The outcome was also well received by the mainstream press in the country and its echoes have crossed borders. In Brazil, both Ireland and Argentina had ample repercussion in the mainstream media, which both informed about the political processes and made connections with the national debate underway that has ADPF 442/2017 at its center. The positive reporting registered in Folha de São Paulo, El País – Brazil, Marie Claire, Carta Capital is not surprising, given that these vehicles have for some time expressed their support for legal abortion. BBC Brazil, which in the past has addressed the topic on many occasions, also began a series of investigative reports that had many repercussions but also triggered severe critiques. Its coverage is the object of a specific analysis by Fabio Grotz. But within this wider positive response, there was a novelty. O Globo newspaper that, not long time ago has been openly against the legalization of abortion and even more recently has not dared to go further than suggest a plebiscite on the matter, has published an editorial that fully supports the ADPF 442/2017 proposition (in Portuguese). The text acknowledges abortion as a major public health issue and calls for a secular response to address its detrimental effects.
If the 2018 green wave is to be highly valued, in Brazil and elsewhere, we cannot lose sight of the chain of reactions it has propelled in the anti-abortion rights camp, in particular on part of the Vatican. In Ireland, the Catholic Church reaction to the referendum result was more lamenting than outrageous. The bishops worryingly recognized that Irish people are now distant from the Church and almost immediately announced that the pope will visit the country in August, a trip that may impact on the legal process that will ensure the referendum. The Argentinean voting, on the other hand, provoked a virulent response on the part of the Vatican. Less than 48 hours later, Pope Francis I, taking a sharp distance from the benevolent rhetoric that characterizes most of his declarations, evoked German Nazi eugenic practices of abortion to criticize the outcome. The declaration had ample repercussion and triggered many critical responses including two Argentinean articles retracing the connections between the Vatican and the Nazi regime (here in Spanish and here). The sharp difference between the two reactions suggests that a defeat “at home” has infuriated Cardinal Bergoglio. Furthermore, his stridency in relation to Argentina makes us suppose that the Vatican will use all means possible to prevent the subsequent lawmaking processes in both countries to reach a favorable outcome to abortion rights.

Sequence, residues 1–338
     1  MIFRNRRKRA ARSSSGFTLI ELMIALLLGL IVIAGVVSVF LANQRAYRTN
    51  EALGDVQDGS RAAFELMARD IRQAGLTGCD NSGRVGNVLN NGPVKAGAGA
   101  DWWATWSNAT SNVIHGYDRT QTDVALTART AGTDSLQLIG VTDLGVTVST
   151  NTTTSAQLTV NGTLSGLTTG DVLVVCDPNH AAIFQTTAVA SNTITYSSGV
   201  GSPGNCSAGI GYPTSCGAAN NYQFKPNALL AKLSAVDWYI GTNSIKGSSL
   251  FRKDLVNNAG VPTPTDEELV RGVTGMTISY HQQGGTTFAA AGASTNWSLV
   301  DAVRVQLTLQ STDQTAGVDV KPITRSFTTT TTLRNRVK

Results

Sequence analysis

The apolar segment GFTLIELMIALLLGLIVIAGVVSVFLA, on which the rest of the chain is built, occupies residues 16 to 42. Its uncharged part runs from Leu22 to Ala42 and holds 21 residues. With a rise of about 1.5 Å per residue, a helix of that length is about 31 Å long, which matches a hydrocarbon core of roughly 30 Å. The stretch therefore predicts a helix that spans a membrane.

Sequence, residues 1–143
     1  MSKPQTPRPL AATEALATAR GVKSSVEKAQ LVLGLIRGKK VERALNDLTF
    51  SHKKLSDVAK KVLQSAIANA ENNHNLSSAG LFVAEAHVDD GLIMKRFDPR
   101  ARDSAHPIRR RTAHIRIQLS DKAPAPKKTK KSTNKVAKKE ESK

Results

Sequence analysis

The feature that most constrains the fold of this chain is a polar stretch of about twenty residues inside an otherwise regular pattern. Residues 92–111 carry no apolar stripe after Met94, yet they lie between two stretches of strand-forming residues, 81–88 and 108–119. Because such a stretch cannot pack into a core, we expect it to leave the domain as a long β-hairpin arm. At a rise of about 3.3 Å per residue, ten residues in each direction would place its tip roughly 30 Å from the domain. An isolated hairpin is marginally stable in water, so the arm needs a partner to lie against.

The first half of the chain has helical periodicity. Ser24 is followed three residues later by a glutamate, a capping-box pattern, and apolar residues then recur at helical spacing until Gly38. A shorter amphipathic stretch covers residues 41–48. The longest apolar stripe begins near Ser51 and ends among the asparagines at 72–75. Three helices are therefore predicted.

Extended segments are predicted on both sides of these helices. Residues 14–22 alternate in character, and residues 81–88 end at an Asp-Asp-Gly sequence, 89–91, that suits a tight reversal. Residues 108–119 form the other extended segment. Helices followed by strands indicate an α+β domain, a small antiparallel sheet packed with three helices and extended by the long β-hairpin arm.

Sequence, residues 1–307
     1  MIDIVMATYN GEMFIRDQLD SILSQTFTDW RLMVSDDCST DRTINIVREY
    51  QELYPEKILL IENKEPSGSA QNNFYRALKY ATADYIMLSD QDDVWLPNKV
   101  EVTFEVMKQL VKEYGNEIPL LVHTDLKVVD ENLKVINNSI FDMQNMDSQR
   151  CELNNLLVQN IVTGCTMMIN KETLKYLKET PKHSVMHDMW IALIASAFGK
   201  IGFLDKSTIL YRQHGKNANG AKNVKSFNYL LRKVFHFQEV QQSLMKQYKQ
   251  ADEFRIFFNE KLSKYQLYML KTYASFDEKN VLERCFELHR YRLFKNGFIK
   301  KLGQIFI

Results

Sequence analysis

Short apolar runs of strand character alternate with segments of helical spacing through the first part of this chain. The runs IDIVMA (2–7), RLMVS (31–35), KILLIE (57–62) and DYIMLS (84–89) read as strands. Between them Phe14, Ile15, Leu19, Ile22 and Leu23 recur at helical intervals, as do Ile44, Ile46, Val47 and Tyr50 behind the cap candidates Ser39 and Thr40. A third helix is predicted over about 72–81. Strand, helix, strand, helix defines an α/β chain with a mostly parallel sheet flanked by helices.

Inevitably, the Brazilian abortion debate is also under this radar. Strong signs of that could be identified in the arguments raised in a seminar jointly sponsored by the House and the Senate in Brasilia, on May 30th, to discuss ADPF 442/2017. In that occasion, attacks were made not only on the abortion contents of the lawsuit but, most principally, the legitimacy of the Supreme Court to discuss the constitutionality of the criminal law was drastically contested. The same argument was used in a response to the O Globo editorial signed by a state level legislator belonging to the PPL (Free Nation Party) from Paraná. Ironically enough, the article appraises the Irish and Argentinean decisions as democratic in order to assert that the discussion of the right to abortion by the Supreme Court is anti-democratic and infringes on the rights of the majority.
This is not exactly a trivial turn in the argumentation against abortion rights. It definitely leaves behind religious tenets, while at the same time inscribing the issue in the new strategy designed by the Vatican to mobilize religious citizenship worldwide, which has been insightfully analyzed by Juan Marco Vaggione in a recent article (in Spanish) that very soon will be published in English by SPW. In Brazil, as in many other contexts, even when mobilized by Catholicism, this appeal to active religious citizenship has many other potential adherents, especially neo-Pentecostal Evangelicals.
The forces that, in Brazilian society, claim for abortion rights must be attentive to this shift, search for a better understanding of its meaning and map out its potential impacts. In the same manner, the mainstream media – which appears to be increasingly aligned with the respect and promotion of sexual and reproductive autonomy and secular tenets of lawmaking– is also challenged to shift the coverage of the debate towards other angles. It is critical that abortion rights begin to be more systematically addressed by the press as a matter of constitutional principles — dignity, gender, racial and social equality and the right to health- as well as subject squarely inscribed at the heart of contemporary debates on the meaning and direction of democratic institutions.
 As follows: the Brazilian Jewish Confederation, the Brazilian Federation of Spiritualists, the Federation of Muslim Associations of Brazil, the Federation of Afro- Brazilian Cults, the Brazilian Buddhist Society and the State of Sergipe.